I’m very familiar with the thinking of religious fundamentalists who may have little to hope for or little to rejoice in in this earthly life, so they orient their life and thinking toward the next life and the hope that lies there. And when that’s your only hope, you develop a certain rigidity of thought and behavior designed to keep you on the path to that hope. I believe, sadly, that there are many parents who love God more than they love their own children, so I wrote Dill’s mother as someone who put her son second in her life after God. From there, it was simple to intuit her choices.

Dill, Lydia and Travis feel like they’re outcasts. Did you feel like you were too as a teen?

Absolutely. I felt very isolated and alone. I was a weird, angsty kid.

There’s a beautiful sense of place in this book. Like most teens, Lydia just wants to escape her small town for the big city but her father says some really thoughtful things about why their small southern town isn’t so bad. Did you grow up on a similar type of community?

I did. The town I grew up in was substantially larger than Forrestville, but definitely not a big city. I grew thinking that driving an hour to the nearest city with a mall was the height of cosmopolitanism. That’s a hard place for a kid, but as I get older, I find myself viewing that place with a certain nostalgia and wistfulness, so I understand both Lydia and her father.

Music is also a huge part of the plot. I know you’re a musician too. How did that influence your decision to write a YA book? Did you listen to music to inspire you to write? If so what? If you had to associate a song with each of the main characters, what would they be?

It was my music career that led me to volunteer at Tennessee Teen Rock Camp and Southern Girls Rock Camp, which is where I really fell in love with young people and wanted to create art for them. The problem being, of course, that I was about 15 years too old to make the kind of music marketed to young adults. Plus, I had no idea how to make it. So I knew that I needed to switch horses. Publishing is much more forgiving age wise, as in you don’t have to have made it big before you’re 30, like in music. I’d always loved reading; I’d worked at bookstores; so I thought maybe I’d try my hand at writing books for young adults. And here we are.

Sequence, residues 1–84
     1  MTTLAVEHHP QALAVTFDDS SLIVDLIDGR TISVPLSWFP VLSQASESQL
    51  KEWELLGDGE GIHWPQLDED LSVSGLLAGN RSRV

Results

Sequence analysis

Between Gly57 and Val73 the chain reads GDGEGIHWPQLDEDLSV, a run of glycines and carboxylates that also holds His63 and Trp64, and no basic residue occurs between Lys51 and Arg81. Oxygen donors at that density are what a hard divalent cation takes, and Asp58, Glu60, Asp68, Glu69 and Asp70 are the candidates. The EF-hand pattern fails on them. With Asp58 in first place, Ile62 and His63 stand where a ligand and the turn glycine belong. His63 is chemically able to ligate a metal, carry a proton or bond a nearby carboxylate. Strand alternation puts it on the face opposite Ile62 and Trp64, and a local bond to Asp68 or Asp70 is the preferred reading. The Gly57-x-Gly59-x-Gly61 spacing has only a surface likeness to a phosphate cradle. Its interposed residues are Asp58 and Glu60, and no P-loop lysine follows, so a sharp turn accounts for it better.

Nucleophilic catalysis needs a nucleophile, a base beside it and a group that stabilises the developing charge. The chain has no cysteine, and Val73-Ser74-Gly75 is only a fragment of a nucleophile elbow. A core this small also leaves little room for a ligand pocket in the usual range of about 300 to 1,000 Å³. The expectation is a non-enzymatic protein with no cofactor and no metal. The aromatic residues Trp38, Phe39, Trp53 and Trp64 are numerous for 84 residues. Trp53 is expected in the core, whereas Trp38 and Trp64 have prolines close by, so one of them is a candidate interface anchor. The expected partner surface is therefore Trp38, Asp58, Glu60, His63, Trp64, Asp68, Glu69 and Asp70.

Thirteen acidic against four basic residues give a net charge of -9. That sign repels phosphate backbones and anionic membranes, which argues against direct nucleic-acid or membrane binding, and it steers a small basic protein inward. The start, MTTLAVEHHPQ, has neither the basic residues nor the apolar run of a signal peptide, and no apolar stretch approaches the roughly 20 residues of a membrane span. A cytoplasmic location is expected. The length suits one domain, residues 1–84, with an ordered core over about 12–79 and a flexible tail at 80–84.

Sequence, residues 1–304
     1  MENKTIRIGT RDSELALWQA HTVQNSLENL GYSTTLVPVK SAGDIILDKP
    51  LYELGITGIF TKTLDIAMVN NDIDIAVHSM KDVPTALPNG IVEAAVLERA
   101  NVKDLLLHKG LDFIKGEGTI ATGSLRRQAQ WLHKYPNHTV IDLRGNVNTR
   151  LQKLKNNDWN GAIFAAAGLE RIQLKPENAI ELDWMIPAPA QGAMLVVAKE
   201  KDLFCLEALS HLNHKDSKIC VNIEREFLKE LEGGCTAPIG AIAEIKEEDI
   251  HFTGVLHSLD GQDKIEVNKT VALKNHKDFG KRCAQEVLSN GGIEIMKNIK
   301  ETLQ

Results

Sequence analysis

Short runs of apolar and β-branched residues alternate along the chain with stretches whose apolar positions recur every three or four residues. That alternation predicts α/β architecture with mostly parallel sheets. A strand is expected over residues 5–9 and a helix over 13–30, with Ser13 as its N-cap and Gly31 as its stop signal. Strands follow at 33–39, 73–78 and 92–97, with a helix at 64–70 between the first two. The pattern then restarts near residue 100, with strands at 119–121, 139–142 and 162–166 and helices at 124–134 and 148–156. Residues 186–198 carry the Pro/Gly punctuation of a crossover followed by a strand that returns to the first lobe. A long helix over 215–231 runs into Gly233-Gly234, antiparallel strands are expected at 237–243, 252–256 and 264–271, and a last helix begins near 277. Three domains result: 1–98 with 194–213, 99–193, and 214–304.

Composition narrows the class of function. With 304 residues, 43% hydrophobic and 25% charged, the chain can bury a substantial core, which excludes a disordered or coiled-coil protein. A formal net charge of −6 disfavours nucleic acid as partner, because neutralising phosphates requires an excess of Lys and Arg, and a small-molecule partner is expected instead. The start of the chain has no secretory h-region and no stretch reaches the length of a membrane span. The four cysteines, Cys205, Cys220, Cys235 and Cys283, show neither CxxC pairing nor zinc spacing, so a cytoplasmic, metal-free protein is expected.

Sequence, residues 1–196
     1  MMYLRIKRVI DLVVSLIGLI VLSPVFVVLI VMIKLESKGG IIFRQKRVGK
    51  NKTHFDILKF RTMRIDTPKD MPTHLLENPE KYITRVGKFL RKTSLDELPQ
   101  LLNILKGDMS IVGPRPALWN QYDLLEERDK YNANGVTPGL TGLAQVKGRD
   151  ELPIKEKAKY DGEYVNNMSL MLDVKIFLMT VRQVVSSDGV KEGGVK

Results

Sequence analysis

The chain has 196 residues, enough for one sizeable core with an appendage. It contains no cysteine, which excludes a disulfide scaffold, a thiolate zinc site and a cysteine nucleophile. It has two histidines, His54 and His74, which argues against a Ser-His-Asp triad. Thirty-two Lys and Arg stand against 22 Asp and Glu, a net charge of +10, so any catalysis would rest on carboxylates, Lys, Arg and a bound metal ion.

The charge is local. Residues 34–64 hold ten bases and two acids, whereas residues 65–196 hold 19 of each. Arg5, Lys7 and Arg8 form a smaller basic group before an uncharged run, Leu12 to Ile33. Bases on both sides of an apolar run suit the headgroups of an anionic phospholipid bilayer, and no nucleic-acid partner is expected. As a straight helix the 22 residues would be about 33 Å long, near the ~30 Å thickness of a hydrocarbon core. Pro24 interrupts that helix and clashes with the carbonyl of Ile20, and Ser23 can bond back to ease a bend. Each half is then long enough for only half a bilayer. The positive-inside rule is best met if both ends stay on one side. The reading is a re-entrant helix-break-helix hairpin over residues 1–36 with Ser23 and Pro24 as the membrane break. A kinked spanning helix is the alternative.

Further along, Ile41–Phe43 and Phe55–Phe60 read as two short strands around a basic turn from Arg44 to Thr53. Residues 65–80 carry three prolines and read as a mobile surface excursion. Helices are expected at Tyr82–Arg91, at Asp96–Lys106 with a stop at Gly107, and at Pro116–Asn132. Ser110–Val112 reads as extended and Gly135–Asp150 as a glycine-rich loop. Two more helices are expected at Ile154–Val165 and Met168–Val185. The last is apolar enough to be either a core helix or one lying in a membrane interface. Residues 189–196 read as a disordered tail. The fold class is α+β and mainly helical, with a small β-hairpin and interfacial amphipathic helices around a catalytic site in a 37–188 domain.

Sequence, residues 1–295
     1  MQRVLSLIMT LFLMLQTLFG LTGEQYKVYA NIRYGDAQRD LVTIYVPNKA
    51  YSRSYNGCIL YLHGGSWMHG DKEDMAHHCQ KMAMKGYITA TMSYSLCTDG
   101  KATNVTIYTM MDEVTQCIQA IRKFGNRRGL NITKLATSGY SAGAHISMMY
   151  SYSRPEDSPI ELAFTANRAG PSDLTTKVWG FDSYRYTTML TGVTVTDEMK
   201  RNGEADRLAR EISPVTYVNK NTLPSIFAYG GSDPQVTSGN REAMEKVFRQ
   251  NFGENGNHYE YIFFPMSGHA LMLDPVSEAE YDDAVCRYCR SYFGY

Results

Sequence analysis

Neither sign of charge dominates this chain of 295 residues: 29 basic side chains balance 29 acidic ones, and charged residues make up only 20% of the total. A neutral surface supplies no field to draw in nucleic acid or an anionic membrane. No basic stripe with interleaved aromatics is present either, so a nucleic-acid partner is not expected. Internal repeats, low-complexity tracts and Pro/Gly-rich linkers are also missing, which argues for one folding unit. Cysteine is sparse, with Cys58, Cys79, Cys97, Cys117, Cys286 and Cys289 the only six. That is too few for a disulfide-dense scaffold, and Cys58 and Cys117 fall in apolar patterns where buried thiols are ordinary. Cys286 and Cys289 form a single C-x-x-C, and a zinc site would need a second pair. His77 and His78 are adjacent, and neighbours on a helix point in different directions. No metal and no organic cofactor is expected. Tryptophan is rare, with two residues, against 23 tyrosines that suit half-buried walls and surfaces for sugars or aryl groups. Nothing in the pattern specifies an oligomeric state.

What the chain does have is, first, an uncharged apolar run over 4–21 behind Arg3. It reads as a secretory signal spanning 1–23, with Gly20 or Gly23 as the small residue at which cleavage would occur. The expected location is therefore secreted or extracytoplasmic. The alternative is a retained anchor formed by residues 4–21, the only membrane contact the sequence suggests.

I knew I would love this book right from the beginning when you mention that there’s a copy of The Secret History by Donna Tartt in Lydia’s car, What authors and/or books have influenced you? (Besides the obvious references to George R. R. Martin, that is!).

I love southern lit: Jesmyn Ward, Cormac McCarthy, and Charles Frazier are my favorites. I love deeply lyrical writing like Leslie Marmon Silko, Michael Ondaatje, Donna Tartt, Joan Didion, Anthony Doerr, Emily St. John Mandel, Jhumpa Lahiri, and Patti Smith. I loved funny writers like David Sedaris and David Rakoff.  I have always deeply loved Stephen King, and The Body and It were big influences on how I wrote the friendship in The Serpent King. I had not read tons of YA before I wrote it, but I had read and loved John Green, David Levithan, Sherman Alexie, John Corey Whaley, Benjamin Alire Saenz, Rainbow Rowell, and Jenny Downham.

What’s one surprising thing that you want readers to know about you?

I’m related to Wilford Brimley by marriage.

Jeff, thank you so much for taking the time to answer these questions and for writing such a beautiful book.

-Interviewed by Sharon Rawlins, currently reading the galley of Empress of a Thousands Skies by Rhoda Belleza